Oklahoma summers aren't known for mild temperatures and this summer has been no exception. Monday saw Oklahoma City break its 1980 record of 50 days of temperatures in triple digits by one; Tuesday was recorded as day 52 of 100 degree or hotter temperatures. Today will likely become day 53; it's another hot and somewhat humid day.
As hot as it has been in Oklahoma City, it's been even worse in the town of Grandfield, which on Tuesday had experienced 88 days of the triple-digit temps, as reported by NewsOK.com. Taking into account high and low temperatures recorded in throughout the state in what is officially the designated period of summer -- from June 1 through Aug. 31 -- this Oklahoma summer looks like a shoo-in to beat the previous average temperature of 85.2 degrees in 1934. Currently, as NewsOK explains, Oklahoma's average temperature is at 86.7 degrees.
July alone set record high temperature averages for the Red Man state; the previous record of 88.7 degrees average was set in 1936. The average temperature in the state in July 2011 figured out to be 89.2 degrees, according to MSNBC.
The high heat has taken a toll on the state and its residents in a number of ways. On Aug. 19, the state medical examiner's office confirmed the heat has directly caused 17 deaths, reports KOCO News. The U.S. Drought Monitor has most of Oklahoma and Texas rated as areas of exceptional drought -- the highest rating for the condition, according to ocolly.com, with Gov. Mary Fallin declaring all 77 Oklahoma counties in a state of emergency from the extended heat and dryness.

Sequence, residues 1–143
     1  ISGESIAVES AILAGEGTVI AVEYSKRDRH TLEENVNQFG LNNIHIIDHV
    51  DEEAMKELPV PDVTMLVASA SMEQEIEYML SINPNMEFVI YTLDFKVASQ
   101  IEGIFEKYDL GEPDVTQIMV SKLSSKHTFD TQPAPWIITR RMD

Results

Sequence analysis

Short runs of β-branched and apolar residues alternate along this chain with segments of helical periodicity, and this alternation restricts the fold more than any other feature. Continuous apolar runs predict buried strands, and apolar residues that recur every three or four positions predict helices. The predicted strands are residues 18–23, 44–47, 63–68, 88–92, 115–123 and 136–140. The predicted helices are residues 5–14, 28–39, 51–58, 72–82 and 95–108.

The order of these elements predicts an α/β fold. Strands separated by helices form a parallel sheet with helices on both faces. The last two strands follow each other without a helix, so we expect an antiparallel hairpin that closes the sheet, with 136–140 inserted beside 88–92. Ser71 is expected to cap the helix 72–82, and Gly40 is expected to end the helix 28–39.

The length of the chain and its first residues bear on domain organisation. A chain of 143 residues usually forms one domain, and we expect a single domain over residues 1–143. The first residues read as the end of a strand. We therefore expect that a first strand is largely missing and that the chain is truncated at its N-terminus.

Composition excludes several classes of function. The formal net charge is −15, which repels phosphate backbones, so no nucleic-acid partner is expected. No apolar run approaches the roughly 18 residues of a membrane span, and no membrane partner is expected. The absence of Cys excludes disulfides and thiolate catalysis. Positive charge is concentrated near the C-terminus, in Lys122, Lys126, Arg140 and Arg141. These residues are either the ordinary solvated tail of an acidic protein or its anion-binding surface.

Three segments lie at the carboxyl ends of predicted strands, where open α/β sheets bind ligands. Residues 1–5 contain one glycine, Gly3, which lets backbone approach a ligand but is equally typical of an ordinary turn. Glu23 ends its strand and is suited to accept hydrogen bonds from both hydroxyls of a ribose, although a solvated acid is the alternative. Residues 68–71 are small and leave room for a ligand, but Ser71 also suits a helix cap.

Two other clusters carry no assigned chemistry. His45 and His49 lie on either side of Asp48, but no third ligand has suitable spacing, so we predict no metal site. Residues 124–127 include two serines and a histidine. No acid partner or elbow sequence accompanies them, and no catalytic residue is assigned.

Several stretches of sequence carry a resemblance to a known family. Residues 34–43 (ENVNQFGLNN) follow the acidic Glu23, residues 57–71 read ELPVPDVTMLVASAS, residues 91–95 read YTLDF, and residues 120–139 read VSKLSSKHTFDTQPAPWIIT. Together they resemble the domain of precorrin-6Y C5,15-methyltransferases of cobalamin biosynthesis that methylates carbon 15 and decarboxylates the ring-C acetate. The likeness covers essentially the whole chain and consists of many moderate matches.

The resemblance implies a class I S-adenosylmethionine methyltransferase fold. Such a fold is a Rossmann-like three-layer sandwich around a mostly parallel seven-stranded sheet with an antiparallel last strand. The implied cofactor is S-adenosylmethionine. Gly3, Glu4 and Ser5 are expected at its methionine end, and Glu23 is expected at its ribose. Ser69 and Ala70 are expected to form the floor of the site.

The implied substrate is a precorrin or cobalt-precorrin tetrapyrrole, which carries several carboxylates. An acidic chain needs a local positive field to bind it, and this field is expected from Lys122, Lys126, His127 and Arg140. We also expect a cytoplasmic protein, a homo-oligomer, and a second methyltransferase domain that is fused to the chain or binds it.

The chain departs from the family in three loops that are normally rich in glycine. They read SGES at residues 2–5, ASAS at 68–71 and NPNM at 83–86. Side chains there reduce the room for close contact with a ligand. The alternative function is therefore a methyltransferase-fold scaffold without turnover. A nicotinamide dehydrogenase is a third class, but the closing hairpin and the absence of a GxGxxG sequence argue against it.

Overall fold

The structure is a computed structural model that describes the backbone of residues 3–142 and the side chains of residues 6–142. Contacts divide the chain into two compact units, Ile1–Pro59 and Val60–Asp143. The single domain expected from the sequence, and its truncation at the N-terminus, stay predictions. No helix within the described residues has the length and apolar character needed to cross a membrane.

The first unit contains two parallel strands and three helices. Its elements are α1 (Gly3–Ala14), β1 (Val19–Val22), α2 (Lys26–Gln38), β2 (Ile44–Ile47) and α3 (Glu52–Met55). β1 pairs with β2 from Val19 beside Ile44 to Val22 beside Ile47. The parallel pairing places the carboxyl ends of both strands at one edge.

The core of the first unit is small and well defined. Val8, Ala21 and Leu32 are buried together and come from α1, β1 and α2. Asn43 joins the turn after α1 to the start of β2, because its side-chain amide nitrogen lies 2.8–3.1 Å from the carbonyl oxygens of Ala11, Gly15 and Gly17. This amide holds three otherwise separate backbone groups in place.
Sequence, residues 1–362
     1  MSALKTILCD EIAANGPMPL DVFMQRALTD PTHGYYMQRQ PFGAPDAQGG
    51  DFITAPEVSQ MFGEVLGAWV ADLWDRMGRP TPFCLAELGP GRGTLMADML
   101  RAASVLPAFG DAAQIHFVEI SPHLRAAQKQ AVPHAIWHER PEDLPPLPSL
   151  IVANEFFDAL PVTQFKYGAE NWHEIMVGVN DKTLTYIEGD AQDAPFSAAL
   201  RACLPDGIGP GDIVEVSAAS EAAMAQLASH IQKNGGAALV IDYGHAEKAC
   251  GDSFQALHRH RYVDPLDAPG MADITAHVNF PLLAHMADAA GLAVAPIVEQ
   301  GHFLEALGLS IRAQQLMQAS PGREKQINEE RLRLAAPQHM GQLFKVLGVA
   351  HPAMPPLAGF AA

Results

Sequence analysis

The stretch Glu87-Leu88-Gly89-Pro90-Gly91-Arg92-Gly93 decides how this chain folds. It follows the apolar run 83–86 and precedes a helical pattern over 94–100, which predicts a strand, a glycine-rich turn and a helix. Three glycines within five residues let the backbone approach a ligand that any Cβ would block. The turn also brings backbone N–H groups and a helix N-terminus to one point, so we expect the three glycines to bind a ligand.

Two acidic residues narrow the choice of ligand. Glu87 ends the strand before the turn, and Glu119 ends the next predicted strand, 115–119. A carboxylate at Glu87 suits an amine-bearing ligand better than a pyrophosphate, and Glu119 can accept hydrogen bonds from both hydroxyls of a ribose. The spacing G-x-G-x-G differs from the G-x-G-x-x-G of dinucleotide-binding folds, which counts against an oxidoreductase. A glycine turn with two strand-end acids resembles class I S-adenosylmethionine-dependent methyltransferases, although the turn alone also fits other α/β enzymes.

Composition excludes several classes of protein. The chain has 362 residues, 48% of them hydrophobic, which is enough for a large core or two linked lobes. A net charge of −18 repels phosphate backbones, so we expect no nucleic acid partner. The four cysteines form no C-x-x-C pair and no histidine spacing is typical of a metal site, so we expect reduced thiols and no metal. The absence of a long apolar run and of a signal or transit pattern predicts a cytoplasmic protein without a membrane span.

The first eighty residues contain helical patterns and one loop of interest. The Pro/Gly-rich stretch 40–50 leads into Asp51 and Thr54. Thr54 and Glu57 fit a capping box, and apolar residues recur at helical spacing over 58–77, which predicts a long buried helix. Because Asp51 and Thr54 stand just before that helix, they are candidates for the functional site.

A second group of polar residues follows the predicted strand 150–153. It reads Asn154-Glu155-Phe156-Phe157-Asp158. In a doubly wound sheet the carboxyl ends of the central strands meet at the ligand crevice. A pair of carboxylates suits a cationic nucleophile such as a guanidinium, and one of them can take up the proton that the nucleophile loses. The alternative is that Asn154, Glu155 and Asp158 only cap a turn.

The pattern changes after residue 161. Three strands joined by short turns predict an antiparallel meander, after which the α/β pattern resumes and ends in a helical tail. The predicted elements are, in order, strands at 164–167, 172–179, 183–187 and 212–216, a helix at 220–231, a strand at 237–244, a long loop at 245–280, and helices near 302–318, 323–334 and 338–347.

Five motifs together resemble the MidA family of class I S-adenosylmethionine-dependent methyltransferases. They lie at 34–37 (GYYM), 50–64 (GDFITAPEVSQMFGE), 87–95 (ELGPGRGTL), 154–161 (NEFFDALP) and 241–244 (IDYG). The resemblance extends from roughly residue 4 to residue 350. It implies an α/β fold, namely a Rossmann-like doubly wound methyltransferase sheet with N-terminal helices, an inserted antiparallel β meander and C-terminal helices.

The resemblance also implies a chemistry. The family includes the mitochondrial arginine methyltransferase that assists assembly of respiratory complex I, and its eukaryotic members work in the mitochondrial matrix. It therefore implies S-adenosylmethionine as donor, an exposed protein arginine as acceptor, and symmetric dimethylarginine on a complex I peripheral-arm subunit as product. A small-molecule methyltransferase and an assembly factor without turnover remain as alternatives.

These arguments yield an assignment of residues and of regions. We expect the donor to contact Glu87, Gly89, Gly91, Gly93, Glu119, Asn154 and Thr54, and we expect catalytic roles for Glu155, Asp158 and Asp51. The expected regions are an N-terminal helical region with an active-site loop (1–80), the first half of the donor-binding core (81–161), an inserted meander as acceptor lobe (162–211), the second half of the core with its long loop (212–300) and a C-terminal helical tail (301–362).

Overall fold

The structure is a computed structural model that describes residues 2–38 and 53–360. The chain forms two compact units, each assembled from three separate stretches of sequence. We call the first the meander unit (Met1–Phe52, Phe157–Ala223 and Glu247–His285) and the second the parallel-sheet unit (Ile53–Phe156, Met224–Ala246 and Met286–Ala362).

Even the wildlife in the state have been negatively impacted by this Oklahoma summer, with baby hawks and squirrels at risk from dying from the heat and larger animals such as deer and bear having to travel farther to find food and water, explains NewsOK. The heat and dryness have contributed to the higher-than-usual amount of wildfires and some farmers and ranchers may find it difficult to rebound from this unseasonable weather.
Residents need to continue to take precautions to avoid being overcome by the heat such as avoiding outdoor activity during the daytime, drinking plenty of water and availing themselves of air conditioning whenever possible.
Smack dab in the middle of the baby boomer generation, L.L. Woodard is a proud resident of "The Red Man" state. With what he hopes is an everyman's view of life's concerns both in his state and throughout the nation, Woodard presents facts and opinions based on common-sense solutions.
- Oklahoma City